New Delhi/Bengaluru: Ola, India’s largest ride-hailing service, continues to witness a spate of top-level departures, at a time when the Bengaluru-based start-up is locked in a fierce market-share battle with Uber and is almost certain to raise its next round of funding at a lower valuation.
Apart from the exits of chief financial officer (CFO) Rajiv Bansal and marketing chief Raghuvesh Sarup, Ola’s chief operating officer of offline initiatives Anuj Bhargava—one of the company’s key architects behind recent initiatives such as Ola Play—has also resigned, according to two people aware of the development. Both of them requested anonymity. As part of the Ola Play initiative, Ola installed tablets in its cabs through which customers can access personalized content such as music, movies, shopping, and also control the air-conditioning.
Several other senior directors have quit in the last two weeks, the people said. Ola confirmed Bhargava’s departure from the company, but denied the exits of any other executives. Sriram V. Iyer, head of engineering and senior director at Ola, has also quit. The exits come at a time when Ola is facing unprecedented churn across its ranks and, as a result, has been forced to hire executives from top companies such as Pepsi to fill some of these vacancies. Ola has simultaneously conducted a reshuffle across its business units, the people mentioned above said.
In January, Ola named Vishal Kaul, a PepsiCo veteran, as its chief operating officer (COO) and elevated former COO Pranay Jivrajka as a founding partner. In January, Ola also hired former SAB Miller India executive Shalabh Seth as the chief executive of its leasing subsidiary Ola Fleet Technologies Pvt. Ltd to help grow the supply of cars.
The company has, however, struggled with senior-level exits. Some of the senior executives who have quit include Sundeep Sahni, a former executive at e-commerce firm Lazada Indonesia who was hired as vice-president of new initiatives, and Abhimanyu Rawal, head of Ola’s luxury car business. Both Sahni and Rawal quit in December last year.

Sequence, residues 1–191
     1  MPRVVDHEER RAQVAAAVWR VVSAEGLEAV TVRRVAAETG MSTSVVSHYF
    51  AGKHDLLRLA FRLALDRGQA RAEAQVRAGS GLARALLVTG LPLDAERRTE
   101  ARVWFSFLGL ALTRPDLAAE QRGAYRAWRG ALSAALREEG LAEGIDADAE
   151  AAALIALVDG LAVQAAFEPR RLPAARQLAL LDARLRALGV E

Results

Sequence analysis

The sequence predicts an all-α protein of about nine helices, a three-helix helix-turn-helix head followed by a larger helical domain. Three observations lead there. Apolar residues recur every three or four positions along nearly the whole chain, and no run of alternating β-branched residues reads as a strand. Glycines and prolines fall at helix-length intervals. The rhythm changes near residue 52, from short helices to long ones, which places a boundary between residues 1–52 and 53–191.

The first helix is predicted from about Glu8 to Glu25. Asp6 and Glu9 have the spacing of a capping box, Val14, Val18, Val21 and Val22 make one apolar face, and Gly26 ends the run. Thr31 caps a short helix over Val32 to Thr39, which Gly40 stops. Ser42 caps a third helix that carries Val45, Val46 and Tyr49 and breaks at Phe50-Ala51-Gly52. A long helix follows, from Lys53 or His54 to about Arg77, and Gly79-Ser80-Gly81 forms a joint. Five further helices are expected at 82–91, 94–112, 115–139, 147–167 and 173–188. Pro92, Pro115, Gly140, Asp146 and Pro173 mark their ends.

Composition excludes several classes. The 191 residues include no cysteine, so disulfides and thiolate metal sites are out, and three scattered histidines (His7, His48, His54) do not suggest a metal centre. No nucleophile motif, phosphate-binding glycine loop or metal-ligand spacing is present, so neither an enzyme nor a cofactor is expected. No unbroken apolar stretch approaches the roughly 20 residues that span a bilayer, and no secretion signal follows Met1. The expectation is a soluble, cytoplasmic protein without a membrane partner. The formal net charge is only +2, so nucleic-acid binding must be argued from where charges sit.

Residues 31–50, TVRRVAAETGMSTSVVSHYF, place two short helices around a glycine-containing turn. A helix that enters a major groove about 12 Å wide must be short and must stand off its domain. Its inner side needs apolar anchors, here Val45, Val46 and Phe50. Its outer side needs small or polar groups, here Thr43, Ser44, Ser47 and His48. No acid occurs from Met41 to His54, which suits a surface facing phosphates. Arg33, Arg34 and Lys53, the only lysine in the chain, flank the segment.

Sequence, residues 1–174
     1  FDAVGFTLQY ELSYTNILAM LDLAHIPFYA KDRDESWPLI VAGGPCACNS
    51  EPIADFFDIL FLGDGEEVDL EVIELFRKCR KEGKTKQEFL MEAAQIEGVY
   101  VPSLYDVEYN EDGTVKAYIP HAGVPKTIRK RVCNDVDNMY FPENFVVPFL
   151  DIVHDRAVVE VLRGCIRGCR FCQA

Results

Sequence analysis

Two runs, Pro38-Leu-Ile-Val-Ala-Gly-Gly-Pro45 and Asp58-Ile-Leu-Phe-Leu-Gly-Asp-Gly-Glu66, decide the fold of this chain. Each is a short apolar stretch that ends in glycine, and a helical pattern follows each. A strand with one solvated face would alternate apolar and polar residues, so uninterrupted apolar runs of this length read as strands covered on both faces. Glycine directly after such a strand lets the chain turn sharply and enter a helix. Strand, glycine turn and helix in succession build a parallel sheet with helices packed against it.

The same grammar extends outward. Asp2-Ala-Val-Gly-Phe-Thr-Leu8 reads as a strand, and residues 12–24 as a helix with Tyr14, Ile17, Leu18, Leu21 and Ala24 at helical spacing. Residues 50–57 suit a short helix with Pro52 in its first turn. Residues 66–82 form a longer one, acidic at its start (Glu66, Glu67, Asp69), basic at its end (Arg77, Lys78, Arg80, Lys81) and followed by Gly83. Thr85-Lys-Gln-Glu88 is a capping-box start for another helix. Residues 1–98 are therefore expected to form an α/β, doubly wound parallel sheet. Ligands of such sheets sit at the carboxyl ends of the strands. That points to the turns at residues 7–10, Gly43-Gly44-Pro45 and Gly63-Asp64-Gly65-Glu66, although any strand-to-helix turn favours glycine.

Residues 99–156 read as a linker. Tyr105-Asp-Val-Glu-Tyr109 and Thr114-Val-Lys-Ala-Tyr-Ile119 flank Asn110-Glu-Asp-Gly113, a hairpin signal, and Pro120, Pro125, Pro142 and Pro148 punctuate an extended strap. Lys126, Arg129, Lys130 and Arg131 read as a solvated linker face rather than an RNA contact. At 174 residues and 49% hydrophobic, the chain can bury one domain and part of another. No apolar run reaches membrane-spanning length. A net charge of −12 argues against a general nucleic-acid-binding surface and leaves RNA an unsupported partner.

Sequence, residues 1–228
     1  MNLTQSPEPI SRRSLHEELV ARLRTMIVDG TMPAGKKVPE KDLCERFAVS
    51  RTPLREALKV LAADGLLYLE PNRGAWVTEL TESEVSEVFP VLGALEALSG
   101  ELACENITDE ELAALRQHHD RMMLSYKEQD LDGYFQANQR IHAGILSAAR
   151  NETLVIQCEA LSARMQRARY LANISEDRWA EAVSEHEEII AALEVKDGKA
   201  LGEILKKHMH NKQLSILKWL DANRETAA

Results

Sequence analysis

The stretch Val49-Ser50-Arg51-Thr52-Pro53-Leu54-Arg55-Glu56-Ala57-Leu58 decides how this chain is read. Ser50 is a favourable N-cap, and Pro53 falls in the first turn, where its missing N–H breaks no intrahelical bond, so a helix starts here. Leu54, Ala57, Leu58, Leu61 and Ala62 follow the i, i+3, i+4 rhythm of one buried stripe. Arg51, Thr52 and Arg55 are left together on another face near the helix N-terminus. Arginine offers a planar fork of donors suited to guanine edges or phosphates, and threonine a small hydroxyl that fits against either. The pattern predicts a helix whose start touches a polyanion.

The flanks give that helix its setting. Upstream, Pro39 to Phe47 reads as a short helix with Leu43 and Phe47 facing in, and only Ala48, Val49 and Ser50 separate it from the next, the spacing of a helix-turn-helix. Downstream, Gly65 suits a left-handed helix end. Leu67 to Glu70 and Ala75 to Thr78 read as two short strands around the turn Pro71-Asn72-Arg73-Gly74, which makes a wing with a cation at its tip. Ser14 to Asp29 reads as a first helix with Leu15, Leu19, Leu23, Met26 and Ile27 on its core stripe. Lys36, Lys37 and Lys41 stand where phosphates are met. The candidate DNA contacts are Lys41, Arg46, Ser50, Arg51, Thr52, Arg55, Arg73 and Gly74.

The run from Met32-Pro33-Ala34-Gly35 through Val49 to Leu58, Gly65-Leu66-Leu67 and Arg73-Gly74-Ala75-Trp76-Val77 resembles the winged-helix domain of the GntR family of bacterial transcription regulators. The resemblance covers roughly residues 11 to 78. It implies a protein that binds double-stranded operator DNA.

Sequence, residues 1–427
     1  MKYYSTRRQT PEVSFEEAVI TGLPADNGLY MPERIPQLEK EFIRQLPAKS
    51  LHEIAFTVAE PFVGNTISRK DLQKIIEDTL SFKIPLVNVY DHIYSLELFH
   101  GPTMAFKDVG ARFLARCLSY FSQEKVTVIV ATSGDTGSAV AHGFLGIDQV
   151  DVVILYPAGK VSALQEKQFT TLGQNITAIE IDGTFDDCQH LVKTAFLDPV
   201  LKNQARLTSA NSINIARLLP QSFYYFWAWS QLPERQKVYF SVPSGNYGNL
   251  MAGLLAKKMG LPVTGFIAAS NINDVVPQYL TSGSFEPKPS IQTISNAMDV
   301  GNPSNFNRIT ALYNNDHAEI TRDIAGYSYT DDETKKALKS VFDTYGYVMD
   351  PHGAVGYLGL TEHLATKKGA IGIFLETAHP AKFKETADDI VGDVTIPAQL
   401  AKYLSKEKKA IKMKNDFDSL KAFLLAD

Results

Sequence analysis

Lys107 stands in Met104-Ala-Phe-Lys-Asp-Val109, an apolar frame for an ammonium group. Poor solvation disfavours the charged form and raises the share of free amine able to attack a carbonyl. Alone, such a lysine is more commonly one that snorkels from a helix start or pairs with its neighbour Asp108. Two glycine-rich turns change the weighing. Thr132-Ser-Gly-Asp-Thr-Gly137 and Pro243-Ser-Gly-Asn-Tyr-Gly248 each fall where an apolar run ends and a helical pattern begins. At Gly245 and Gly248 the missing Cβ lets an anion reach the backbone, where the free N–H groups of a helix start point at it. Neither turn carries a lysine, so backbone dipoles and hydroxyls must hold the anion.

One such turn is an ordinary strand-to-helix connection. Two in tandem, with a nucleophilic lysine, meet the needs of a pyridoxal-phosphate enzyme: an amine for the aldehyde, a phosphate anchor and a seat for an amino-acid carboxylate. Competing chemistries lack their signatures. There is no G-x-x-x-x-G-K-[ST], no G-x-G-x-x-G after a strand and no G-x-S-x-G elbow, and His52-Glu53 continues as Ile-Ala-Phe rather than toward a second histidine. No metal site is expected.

Earlier in February, Mint reported that Ola’s CFO and former Infosys veteran Bansal has resigned. Ola has named operations head Pallav Singh as its interim CFO. Mint also reported that Ola’s CMO Sarup had resigned from the company.
The top-level departures come at an awkward time for Ola, even as it attempts to stave off a fierce challenge from US-based rival Uber Technologies, which has made significant inroads in India’s ride-hailing market over the past 18 months.
The outcome of this battle, along with a simultaneous battle for market dominance between Flipkart and Amazon, could very well define the future of India’s start-up ecosystem, as billions of dollars are at stake. To fend off Uber, Ola has also initiated talks for a fresh round of funding.
Mint had first reported in June that Ola had initiated talks with investors to raise $300-400 million as it seeks to maintain its lead over arch rival Uber. Earlier in February, Mint also reported that US-based investment firm Vanguard Group has slashed the valuation of its stake in India’s largest cab-hailing service Ola. Vanguard invested in Ola in 2015.